I am a big believer in the appliation of semantics-based program analysis to binary analysis. In other words, I think that we should examine program semantics rather than program syntax. Syntax-oriented analyses operate at the assembly level, e.g.,
while semantics-oriented analyses look at a lifted form of assembly, like:
1 2 3 4 5 6 7 8 9 10 11 12 13 14 15 16
However, over the past few days, I’ve concluded that there are some cases in which it may be preferable to use syntax. To give you some perspective, I’ve been working on our VSA implementation, as I’ve described in my previous blog posts. One of the problems I have been working on is adding high level edge conditions at branch points.
What are high level edge conditions? Well, to really grok what that means, you need to see how BAP would model a branch. Let’s use the below program as an example, which merely does a compare and branch.
Now, before we go further, stop and ask yourself “What is the
high-level branch condition?” You probably just thought
eax. And you’d be right! Let’s see what a semantics-oriented answer
would be from BAP.
Here, the branch condition is
~(cf | zf). Gee, thanks BAP. If we
apply copy propagation, which is essentially substitution, we get
~(ebx < eax | 0 == ebx - eax). Obviously, with a little
simplification, this turns into
ebx >= eax & ebx != eax, or
My point here is that recovering the high-level condition is awkward. In semantics approaches, we lift from syntax to semantics, and yet to recover this high-level condition we are effectively undoing this transformation. I’ve seen this come up in a few places, with our VSA implementation only being the most recent.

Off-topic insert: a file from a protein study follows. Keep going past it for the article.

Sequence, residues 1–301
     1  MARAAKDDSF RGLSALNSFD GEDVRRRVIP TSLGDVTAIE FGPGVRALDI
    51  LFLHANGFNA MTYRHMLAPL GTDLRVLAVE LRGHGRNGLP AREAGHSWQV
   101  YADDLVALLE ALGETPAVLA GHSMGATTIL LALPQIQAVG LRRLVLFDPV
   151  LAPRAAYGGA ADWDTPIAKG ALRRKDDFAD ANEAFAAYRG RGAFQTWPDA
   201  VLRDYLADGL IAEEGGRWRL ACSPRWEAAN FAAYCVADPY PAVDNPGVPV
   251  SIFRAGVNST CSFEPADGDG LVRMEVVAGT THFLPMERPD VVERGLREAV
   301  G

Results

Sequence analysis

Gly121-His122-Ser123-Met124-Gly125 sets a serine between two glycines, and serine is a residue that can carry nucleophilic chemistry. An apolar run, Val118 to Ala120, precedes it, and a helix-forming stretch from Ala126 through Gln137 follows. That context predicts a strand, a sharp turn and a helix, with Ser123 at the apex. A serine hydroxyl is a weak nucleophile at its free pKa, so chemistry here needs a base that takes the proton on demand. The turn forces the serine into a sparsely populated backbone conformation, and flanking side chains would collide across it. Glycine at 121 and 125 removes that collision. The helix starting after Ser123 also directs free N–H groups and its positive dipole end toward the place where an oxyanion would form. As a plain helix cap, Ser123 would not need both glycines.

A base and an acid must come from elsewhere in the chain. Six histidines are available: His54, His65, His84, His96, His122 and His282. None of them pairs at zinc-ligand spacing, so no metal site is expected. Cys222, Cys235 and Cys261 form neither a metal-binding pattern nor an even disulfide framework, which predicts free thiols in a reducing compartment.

It would be nice if there was a nice, principled way of recovering higher-level conditions. For example, if we could create a lattice that compares how “high level” expressions are, and automatically map an expression to a higher expression on the lattice, I’d feel much better about this problem. As things stand, I have defined a number of simplifications that get the job done, but they are somewhat specific to our lifting mechanism. If we change how we lift instructions, we could break the high-level condition recovery, which just seems ugly.
On the bright side, BAP’s VSA implementation is good enough to compute the target addresses of switch jump tables now. So hopefully tomorrow I’ll have CFG recovery at least partially working! Here’s the “new” version of the edge conditions for the above example: